Tue, 19 Mar 91 18:50:11 PST
The following statement was passed by ACM Council and will be issued as a press

   Whereas the ACM greatly values the right of individual privacy;

   Whereas members of the computing profession have a special
   responsibility to ensure that computing systems do not diminish individual

   Whereas the ACM's Code of Professional Conduct places a
   responsibility on ACM members to protect individual privacy; and

   Whereas the Code of Fair Information Practices places a similar
   responsibility on data holders to ensure that personal information is
   accurate, complete, and reliable;

   Therefore, be it resolved that

   (1)  The ACM urges members to observe the privacy guidelines
   contained in the ACM Code of Professional Conduct;

   (2)  The ACM affirms its support for the Code of Fair Information
   Practices and urges its observance by all organizations that collect
   personal information; and

   (3)  The ACM supports the establishment of a proactive governmental
   privacy protection mechanism in those countries that do not currently have
   such mechanisms, including the United States, that would ensure individual
   privacy safeguards.


Here is some information on how to join ACM.

The RISKS forum is an ACM sponsored activity.  ACM is also getting more
involved in the kinds of issues represented by RISKS and the above statement.
If you support these activities and are not currently a member of ACM, I urge
you to demonstrate your support by joining.  You can obtain a membership
application from any issue of CACM.  If you can not get ahold of CACM, you can
obtain an application from:

ACM, P.O. Box 12114, Church Street Station, New York, NY 10257

The costs are:
$71 Voting Member (You are asked to have a Bachelor's degree,
                   equivalent level of education, or four
                   full-time years of experience.  The Bachelor's
                   does not necessarily have to be in computer science.
                   I don't know if it has to be in a related area.)
$71 Associate Member (No membership requirements)
$21 Student Member (You must be a registered student at an accredited
                    educational institution, and a faculty member must
                    certify your status.)
$66 Joint member of the IEEE-Computer Society
$57 Member of one of the following overseas computing societies
    ACS (Austraila), AFCET (France), AICA (Italy) BCS (United Kingdom)
    BIRA/IBRA (Belgium), CIPS (Canada), CSZ (Zimbabwe), GI (Germany),
    HKCS (Hong Kong), ICS (Ireland), IPA (Israel), IPSJ (Japan),
    NGI (Netherlands), NZCS (New Zealand), SCS (Shanghai).

Spouse members:
Voting Members 1st person + CACM $71   2nd person, no CACM $48
Student Members 1st person + CACM $21   2nd person, no CACM $14

$35 Retired members  (Annual income from part time and consulting work
                      does not exceed $2500; age + years of ACM membership
                      must exceed 75)

One can also join a SIG without joining ACM.  While that would be less
expensive than joining the SIG and ACM, it would not be as effective in
demonstrating support for the activities listed above.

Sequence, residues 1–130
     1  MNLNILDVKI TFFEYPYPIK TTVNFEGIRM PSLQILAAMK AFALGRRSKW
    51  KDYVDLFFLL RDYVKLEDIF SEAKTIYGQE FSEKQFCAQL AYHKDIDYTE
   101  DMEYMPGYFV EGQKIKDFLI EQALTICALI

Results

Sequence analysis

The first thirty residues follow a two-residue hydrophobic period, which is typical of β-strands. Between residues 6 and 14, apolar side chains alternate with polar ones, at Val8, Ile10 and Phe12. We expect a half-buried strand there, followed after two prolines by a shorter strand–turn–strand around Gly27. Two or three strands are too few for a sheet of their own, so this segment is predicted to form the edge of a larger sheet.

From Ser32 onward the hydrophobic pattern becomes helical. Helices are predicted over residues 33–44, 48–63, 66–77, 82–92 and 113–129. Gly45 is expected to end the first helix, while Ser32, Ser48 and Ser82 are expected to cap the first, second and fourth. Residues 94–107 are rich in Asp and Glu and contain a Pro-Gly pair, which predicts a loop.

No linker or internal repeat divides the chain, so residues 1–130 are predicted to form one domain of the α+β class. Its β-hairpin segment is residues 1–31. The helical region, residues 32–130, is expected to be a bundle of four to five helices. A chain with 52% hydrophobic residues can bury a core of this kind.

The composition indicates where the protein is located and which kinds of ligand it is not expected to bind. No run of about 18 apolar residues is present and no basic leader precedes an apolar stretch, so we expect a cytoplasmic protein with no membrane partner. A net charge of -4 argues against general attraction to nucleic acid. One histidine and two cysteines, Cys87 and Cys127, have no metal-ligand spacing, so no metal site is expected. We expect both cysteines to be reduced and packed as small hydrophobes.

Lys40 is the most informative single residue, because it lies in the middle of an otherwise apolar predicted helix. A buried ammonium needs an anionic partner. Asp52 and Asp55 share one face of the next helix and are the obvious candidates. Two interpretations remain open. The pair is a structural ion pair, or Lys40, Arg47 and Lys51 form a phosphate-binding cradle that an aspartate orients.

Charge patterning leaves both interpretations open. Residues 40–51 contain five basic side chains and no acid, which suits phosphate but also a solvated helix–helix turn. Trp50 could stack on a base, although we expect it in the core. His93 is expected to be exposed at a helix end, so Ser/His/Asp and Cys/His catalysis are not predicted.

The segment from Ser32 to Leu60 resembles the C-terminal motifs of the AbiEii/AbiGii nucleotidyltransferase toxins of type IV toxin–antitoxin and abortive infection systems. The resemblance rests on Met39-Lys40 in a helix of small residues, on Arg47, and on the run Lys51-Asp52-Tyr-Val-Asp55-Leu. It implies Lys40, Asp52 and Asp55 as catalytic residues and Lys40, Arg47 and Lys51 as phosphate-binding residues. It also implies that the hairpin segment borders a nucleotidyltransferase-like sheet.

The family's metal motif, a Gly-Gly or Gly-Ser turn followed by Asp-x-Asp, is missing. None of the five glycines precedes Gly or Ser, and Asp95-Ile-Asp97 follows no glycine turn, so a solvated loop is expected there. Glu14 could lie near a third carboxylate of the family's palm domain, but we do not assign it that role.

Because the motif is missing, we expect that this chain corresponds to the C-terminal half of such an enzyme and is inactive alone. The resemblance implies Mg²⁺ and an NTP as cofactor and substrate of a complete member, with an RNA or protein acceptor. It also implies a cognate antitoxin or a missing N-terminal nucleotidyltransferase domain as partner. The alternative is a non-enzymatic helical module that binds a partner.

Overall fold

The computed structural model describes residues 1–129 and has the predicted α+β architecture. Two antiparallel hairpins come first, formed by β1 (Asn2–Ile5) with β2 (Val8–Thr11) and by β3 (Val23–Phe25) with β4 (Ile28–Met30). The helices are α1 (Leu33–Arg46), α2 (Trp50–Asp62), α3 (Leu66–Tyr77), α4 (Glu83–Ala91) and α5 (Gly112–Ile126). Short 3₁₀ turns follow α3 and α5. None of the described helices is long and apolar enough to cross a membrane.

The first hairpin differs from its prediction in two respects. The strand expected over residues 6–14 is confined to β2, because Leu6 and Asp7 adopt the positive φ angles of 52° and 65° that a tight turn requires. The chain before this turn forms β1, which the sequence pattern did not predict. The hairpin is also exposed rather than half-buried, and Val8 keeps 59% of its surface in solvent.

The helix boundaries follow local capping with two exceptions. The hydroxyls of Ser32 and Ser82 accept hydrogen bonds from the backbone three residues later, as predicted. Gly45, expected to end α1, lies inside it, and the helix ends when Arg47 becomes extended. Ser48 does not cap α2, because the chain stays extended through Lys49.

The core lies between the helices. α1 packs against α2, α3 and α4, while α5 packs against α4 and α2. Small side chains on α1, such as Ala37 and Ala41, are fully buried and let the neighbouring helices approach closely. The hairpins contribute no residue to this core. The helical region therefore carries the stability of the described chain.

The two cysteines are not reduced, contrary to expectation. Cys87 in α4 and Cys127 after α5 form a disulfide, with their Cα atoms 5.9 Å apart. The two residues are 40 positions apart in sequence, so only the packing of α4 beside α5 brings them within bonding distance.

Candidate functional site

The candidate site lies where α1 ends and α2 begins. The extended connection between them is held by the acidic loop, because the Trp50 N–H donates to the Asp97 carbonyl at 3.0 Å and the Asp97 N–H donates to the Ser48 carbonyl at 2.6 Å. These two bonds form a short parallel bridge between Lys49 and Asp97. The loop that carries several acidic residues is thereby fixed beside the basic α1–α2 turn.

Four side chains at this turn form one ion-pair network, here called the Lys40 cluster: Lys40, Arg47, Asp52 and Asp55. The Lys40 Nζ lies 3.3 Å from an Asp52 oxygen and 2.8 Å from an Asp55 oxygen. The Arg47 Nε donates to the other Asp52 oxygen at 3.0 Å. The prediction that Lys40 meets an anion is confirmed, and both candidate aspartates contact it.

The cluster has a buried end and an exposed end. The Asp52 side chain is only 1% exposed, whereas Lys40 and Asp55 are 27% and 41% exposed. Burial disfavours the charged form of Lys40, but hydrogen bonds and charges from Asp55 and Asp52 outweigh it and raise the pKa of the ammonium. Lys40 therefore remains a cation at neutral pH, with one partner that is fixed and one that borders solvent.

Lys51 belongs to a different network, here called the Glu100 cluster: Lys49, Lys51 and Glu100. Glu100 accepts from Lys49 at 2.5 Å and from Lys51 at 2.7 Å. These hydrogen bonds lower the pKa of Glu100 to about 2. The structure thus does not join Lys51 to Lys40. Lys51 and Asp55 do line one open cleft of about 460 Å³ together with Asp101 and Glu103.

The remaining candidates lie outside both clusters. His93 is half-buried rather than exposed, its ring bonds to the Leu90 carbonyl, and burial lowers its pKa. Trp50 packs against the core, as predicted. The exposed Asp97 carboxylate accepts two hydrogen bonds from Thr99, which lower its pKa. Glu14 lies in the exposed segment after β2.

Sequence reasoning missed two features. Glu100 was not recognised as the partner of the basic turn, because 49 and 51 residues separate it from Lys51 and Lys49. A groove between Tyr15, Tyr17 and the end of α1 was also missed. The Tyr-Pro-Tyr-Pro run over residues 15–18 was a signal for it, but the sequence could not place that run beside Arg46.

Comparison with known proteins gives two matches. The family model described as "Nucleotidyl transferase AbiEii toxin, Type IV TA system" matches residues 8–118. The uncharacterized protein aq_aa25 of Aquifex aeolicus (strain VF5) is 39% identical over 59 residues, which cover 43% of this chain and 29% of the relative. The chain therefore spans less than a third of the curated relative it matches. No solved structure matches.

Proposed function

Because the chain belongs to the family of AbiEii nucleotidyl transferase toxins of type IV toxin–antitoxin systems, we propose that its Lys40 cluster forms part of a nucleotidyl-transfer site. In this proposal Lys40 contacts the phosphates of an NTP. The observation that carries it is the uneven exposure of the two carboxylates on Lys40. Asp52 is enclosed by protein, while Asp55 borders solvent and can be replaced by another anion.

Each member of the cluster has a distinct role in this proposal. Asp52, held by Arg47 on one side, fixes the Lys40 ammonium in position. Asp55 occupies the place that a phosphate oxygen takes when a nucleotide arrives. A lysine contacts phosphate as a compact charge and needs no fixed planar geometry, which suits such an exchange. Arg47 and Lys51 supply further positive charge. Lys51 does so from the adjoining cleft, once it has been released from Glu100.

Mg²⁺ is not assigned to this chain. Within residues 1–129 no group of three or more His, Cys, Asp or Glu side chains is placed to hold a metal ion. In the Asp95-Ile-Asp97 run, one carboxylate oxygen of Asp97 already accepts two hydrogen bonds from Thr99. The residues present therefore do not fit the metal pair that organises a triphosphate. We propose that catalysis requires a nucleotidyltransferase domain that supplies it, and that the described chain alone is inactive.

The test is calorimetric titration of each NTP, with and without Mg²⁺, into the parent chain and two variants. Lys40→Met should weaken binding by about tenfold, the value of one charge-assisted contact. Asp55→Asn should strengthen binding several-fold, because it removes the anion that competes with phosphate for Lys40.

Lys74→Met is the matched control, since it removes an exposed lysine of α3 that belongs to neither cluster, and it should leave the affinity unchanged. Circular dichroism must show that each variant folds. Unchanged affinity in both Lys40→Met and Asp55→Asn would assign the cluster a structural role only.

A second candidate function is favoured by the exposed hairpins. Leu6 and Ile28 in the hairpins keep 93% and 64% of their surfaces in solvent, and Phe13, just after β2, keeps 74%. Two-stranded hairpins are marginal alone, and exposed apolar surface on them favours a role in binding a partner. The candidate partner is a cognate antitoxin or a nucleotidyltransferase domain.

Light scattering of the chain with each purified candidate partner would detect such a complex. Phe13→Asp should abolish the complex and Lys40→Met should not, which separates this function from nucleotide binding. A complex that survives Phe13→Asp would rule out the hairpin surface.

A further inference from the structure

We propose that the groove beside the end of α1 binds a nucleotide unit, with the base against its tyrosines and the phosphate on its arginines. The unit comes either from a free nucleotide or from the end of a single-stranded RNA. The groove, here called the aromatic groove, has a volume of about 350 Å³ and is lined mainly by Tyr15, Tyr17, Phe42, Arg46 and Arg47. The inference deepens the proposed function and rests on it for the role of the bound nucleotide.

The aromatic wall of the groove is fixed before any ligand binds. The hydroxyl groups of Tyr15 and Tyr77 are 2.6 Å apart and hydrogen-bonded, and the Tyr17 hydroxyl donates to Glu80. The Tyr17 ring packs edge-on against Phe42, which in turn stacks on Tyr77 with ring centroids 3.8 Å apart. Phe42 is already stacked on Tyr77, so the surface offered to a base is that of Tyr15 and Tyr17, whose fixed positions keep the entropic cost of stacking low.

Barbara Simons, National Secretary, ACM

ISM Workshop Announcement

Brian S. Hubbard <hubbard@TIS.COM>
Wed, 20 Mar 91 15:42:55 -0500
Sponsored and Administered By:   TIS, TRUSTED INFORMATION SYSTEMS, INC.
In Coordination With:            DIS DEFENSE INVESTIGATIVE SERVICE

                    The 1991 Industrial Security Manual:
                  A Workshop on Satisfying NEW Requirements
             For Site Approval of Automated Information Systems
                       Washington, D.C., 7-9 May 1991
                   Los Angeles, California, 14-16 May 1991

In order to process classified information using automated information systems
(AISs), a contractor site must receive approval by the Defense Investigative
Service (DIS).  The requirements for such site approvals are stated in Chapter
8 of the Industrial Security Manual (ISM), DoD 5220.22.  At the invitation of
DIS, Trusted Information Systems, Inc.  participated in the development of the
1991 Industrial Security Manual which was promulgated by the Director of DIS in
January 1991.  This revision of the ISM reflects the requirements of DoD
Directive 5200.28.  The process of receiving site approval has been
administratively streamlined; however, the requirements themselves have been
made technically more sophisticated and exacting.  The revised requirements
also offer a more realistic approach to addressing threat and risk.  Part of
this latest revision requires contractors to meet the requirements of DoD
5200.28-STD, the Trusted Computer System Evaluation Criteria or TCSEC, commonly
known as the "Orange Book".

In order to explain the new requirements of the ISM and their application to
specific processing environments, Trusted Information Systems, Inc. in
coordination with the DIS is sponsoring and administering a comprehensive
three-day workshop.  This workshop is being developed by developers of the new

Lecturers include Stephen T. Walker (TIS), Carole Jordan (Defense Investigative
Service), Marvin Schaefer, Charles P. Pfleeger, William C. Barker (TIS)

For further information, contact Brian at hubbard@TIS.COM or Trusted
Information Systems, Inc., Attn: WORKSHOP COORDINATOR, 3060 Washington Road,
Glenwood, MD 21738, Phone: (301) 854-6889 FAX: (301) 854-5363